“Blackeye” with Jesse, Sara Jo, and Daniela, 1940s.
Those days were never far from our family. Everything was referenced to the “Depression.” My dad moved to Jeff Davis County in 1938 from Florida where he had been since about 1928. He came during the Great Depression as a tobacco barn hand who stayed up all night curing tobacco in a wood fired barn. He later grew tobacco as a share cropper. Before coming to Georgia, in Florida he did any kind of job he could to make ends meets. He spent much time fishing and selling his catch to fish markets and anyone else who would buy. In his backyard, he smoked what he couldn’t sell to preserve it for his family and for sale on another day. He and many others of the time, ate simple foods that sometimes included Cabbage Palm. For many in the South, the Depression lasted longer than it did in other sections of the country. Once Daddy told of having to go hunting quail with only a few shotgun shells. He could not find any quail and finally decided to harvest some robins. So he found a large flock on some Gallberry bushes and shot into them. He used his shells but had enough birds for the family for supper. He said that they didn’t taste like quail or dove but were mighty good. I have always thought that the Great Depression should have been called the Terrible Depression.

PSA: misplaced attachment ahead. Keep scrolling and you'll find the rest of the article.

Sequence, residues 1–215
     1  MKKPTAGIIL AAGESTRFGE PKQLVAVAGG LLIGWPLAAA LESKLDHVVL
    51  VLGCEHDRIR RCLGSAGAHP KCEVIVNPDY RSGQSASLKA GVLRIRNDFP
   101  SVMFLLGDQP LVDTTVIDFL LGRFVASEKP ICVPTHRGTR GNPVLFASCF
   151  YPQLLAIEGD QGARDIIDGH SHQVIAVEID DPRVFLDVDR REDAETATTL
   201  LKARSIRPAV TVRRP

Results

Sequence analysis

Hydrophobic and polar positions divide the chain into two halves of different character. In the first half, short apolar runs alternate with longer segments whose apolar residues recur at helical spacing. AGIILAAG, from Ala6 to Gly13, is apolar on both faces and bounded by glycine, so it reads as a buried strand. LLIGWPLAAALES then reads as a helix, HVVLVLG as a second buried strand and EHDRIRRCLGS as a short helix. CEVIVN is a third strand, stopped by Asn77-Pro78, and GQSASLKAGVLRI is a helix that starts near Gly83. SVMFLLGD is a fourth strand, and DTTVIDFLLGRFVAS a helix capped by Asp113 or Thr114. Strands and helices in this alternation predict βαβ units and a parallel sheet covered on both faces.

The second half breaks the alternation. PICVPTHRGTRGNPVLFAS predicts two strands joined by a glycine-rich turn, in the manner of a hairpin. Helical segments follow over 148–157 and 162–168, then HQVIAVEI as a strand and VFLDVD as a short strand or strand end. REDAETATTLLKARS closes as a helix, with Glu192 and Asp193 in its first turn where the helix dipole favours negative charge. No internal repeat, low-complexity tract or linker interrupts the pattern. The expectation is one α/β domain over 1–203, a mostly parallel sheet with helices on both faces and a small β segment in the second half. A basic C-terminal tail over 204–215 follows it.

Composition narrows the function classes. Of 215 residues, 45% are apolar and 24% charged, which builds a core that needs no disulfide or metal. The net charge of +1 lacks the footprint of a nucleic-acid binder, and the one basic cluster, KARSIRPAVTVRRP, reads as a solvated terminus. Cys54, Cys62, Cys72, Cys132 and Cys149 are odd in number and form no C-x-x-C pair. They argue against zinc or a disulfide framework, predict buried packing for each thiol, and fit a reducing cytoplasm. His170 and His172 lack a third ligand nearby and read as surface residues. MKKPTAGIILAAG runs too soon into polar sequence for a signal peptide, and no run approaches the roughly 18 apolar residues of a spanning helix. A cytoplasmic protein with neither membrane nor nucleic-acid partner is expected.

Bookhardt Family at the Clarence Walker Homestead, Jeff Davis County, Georgia, 1962.
Front: James & Brenda
Back: Left to Right, Eva Lou, June, John, Jesse, and Edward Lee, Sr.
The photos are compliments of Jesse Bookhardt, and can also be viewed at the North Carolina State Historic Preservation Office’s Tobacco Barns page. Jesse wrote a nice memory of tobacco farming for them entitled “South Georgia Tobacco Patch”.
John Vachon/Library of Congress. (May 1938)
Though programs to ween the South off dependence on the crop were widely implemented during the Great Depression, cotton was still king when John Vachon made this image in Dooly County. I made the image below some 71 years later.
W. R. Groves’ Warehouse, Byromville. © Brian Brown 2009.
To read comments from former Byromville residents about the warehouse: